Review Article | Published:

Skeletal muscle mitochondrial remodeling in exercise and diseases

Cell Researchvolume 28pages969980 (2018) | Download Citation

Abstract

Skeletal muscle fitness and plasticity is an important determinant of human health and disease. Mitochondria are essential for maintaining skeletal muscle energy homeostasis by adaptive re-programming to meet the demands imposed by a myriad of physiologic or pathophysiological stresses. Skeletal muscle mitochondrial dysfunction has been implicated in the pathogenesis of many diseases, including muscular dystrophy, atrophy, type 2 diabetes, and aging-related sarcopenia. Notably, exercise counteracts the effects of many chronic diseases on skeletal muscle mitochondrial function. Recent studies have revealed a finely tuned regulatory network that orchestrates skeletal muscle mitochondrial biogenesis and function in response to exercise and in disease states. In addition, increasing evidence suggests that mitochondria also serve to “communicate” with the nucleus and mediate adaptive genomic re-programming. Here we review the current state of knowledge relevant to the dynamic remodeling of skeletal muscle mitochondria in response to exercise and in disease states.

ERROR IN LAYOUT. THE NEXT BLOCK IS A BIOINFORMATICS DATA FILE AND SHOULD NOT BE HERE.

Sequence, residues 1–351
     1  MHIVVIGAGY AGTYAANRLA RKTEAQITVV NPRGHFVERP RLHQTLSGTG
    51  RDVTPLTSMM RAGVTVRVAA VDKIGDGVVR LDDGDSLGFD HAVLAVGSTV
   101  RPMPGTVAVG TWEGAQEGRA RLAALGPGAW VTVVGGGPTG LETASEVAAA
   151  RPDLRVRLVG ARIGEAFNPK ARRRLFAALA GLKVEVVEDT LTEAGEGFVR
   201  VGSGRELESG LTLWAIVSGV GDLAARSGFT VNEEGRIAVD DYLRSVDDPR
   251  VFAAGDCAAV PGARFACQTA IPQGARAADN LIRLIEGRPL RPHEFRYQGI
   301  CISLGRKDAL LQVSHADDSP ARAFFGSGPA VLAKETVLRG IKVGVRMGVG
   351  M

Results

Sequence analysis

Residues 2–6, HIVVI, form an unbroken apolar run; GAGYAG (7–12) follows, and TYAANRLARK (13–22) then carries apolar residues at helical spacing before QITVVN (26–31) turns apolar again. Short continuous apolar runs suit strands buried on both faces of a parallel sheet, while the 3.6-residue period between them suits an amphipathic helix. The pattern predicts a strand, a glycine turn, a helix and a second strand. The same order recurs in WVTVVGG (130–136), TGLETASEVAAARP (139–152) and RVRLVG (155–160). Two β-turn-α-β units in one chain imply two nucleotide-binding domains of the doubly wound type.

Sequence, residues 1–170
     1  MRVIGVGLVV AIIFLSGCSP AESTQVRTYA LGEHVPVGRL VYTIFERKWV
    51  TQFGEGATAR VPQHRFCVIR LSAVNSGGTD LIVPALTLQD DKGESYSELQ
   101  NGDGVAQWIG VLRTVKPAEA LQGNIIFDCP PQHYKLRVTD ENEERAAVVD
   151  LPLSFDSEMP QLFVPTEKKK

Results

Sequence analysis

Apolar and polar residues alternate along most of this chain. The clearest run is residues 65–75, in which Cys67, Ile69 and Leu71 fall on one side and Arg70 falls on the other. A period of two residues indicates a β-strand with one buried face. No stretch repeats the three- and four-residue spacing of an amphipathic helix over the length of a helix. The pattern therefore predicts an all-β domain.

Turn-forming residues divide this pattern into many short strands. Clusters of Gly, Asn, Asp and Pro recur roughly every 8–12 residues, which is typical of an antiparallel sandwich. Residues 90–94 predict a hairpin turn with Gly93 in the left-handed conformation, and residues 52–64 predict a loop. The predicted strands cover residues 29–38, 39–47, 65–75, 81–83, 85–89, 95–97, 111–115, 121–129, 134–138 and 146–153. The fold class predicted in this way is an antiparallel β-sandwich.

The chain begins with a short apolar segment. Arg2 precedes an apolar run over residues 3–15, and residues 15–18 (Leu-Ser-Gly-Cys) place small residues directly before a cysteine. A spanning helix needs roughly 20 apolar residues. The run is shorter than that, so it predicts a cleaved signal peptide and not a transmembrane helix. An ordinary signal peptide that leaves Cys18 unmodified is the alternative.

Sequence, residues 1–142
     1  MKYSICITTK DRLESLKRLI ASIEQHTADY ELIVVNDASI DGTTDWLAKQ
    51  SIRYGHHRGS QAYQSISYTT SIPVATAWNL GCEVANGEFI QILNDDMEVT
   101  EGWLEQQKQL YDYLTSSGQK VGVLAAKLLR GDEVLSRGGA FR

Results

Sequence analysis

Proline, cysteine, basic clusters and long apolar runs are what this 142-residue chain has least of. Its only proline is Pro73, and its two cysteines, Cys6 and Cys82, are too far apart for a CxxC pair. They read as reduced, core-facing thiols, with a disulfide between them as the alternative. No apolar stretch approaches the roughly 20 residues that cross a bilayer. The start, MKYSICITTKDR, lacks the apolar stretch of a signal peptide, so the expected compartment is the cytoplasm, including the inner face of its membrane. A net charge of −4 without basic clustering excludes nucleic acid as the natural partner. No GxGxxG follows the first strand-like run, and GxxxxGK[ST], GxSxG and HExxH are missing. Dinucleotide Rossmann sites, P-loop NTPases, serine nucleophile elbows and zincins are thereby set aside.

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Acknowledgements

This work was supported by grants from the National Natural Science Foundation of China (No. 31471110, 31771291); the Ministry of Science and Technology of China (973 Program 2015CB856300); Natural Science Foundation of Jiangsu Province (BK20170014); and Fundamental Research Funds for the Central Universities (090314380023) to Z.G. and NIH grants R01 DK045416, R01 HL058493, and R01 HL128349 to D.P.K.

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Affiliations

  1. The State Key Laboratory of Pharmaceutical Biotechnology and MOE Key Laboratory of Model Animals for Disease Study, Department of Spine Surgery, Nanjing Drum Tower Hospital, The Affiliated Hospital of Nanjing University Medical School, Model Animal Research Center of Nanjing University, 210061, Nanjing, China

    • Zhenji Gan
    •  & Tingting Fu
  2. Cardiovascular Institute and Department of Medicine, Perelman School of Medicine, University of Pennsylvania, Philadelphia, PA, 19104, USA

    • Daniel P. Kelly
  3. Translational Research Institute for Metabolism and Diabetes, Florida Hospital, Orlando, FL, 32804, USA

    • Rick B. Vega

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Competing interests

The authors declare no competing interests.

Corresponding authors

Correspondence to Zhenji Gan or Daniel P. Kelly or Rick B. Vega.

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https://doi.org/10.1038/s41422-018-0078-7